Mum who parked in friend's spot locked in five-year battle over £285 fine

A mum who has been fighting a parking fine for five years claims she has been the victim of ‘a campaign of harassment’.

Sarah Quinn, 35, parked outside her friend Holly’s flat in Huddersfield, West Yorkshire, on June 6, 2016.

The space was allocated to the flat, but tenants are supposed to display a permit in the windscreen and Holly had misplaced hers.

So the pair decided to leave a note with Holly’s flat number on it so any parking attendants could buzz up and check who was parked there – but the attendant fined Sarah anyway.

The mum-of-two has refused to pay the fine, arguing the parking enforcement company is ‘fully aware that [she] was in the tenant’s numbered space’.

Now Sarah is facing an increased charge of £285, bailiffs, the threat of a damaged credit score and court action.

Sarah previously told YorkshireLive: ‘It’s putting a big strain on me mentally. It’s a frightening thing to be threatened on and off for this long.

‘I’ve even moved house but they managed to track me down and send the court action letter.

‘I can’t believe that I have to deal with this harassment for parking at my friend’s flat in her space, not bothering anyone and it wouldn’t be of any hardship financial or otherwise to the company because only my friend Holly can use the space!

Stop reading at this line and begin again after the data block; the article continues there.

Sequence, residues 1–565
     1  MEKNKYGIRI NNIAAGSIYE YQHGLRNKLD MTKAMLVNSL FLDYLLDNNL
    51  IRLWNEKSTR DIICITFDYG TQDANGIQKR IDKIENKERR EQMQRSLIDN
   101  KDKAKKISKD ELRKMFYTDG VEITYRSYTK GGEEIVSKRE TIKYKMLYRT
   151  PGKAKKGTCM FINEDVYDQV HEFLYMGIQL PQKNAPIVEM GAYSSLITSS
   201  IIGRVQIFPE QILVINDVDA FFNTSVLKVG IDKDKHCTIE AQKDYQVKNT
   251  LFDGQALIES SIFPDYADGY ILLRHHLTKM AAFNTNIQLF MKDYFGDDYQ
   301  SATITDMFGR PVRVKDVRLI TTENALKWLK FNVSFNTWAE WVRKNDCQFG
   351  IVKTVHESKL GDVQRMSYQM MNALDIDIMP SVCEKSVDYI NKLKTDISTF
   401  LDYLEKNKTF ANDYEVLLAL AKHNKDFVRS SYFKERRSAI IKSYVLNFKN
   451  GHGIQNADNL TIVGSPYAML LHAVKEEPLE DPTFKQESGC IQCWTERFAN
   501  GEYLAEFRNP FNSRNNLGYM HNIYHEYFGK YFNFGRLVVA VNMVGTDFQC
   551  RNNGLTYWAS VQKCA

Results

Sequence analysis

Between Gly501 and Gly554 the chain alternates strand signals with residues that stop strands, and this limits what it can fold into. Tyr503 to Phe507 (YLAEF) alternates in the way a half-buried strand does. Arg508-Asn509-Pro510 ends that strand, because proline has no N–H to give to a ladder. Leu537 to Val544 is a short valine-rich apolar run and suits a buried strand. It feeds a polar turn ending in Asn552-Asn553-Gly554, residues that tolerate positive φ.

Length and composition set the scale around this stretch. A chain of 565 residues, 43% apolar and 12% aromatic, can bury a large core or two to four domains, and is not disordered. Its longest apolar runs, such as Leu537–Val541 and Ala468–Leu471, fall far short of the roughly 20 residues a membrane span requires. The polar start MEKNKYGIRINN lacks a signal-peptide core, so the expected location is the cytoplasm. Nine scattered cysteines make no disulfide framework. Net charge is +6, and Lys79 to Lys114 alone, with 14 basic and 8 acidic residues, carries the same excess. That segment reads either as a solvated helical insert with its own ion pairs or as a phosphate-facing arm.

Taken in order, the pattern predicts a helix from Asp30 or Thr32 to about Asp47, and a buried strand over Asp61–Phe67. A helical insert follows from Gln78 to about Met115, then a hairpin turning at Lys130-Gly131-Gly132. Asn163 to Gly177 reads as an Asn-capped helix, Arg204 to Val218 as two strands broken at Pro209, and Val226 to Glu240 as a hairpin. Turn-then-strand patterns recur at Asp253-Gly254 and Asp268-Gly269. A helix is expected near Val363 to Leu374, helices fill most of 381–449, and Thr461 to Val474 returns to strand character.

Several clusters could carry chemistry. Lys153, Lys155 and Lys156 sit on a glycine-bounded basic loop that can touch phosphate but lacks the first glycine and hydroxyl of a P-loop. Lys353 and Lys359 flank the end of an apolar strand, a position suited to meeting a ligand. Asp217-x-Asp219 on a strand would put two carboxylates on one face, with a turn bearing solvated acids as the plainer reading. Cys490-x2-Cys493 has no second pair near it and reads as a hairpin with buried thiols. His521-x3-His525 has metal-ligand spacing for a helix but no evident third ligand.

‘I am determined to fight them because they cannot get away with sending an invoice to someone for parking on private property when you have that person’s permission.’

Enforcement company Vehicle Control Services denies any ‘harassment’ and stands by its decision to take Sarah to court – namely because she has ‘ignored all correspondence’ instead of appealing the fine through legal routes.

A statement from the firm said: ‘A key term and condition for parking at the Commercial Mill private car park, required that a valid permit was clearly displayed in the windscreen of the vehicle and, by her own admission, Ms Quinn did not display a valid permit.

‘Ms Quinn did not appeal the parking charge nor respond to any further reminders, (she ignored all correspondence), and, consequently, matters proceeded to court.

‘In accordance with the relevant legal limitation period, we have up to six years in which to commence court proceedings.

‘We refute the allegations made against our patrol officer. We are satisfied that the parking charge was issued correctly as there had been a clear breach of the terms and conditions of the car park which were clearly set out on prominent signs on site.’

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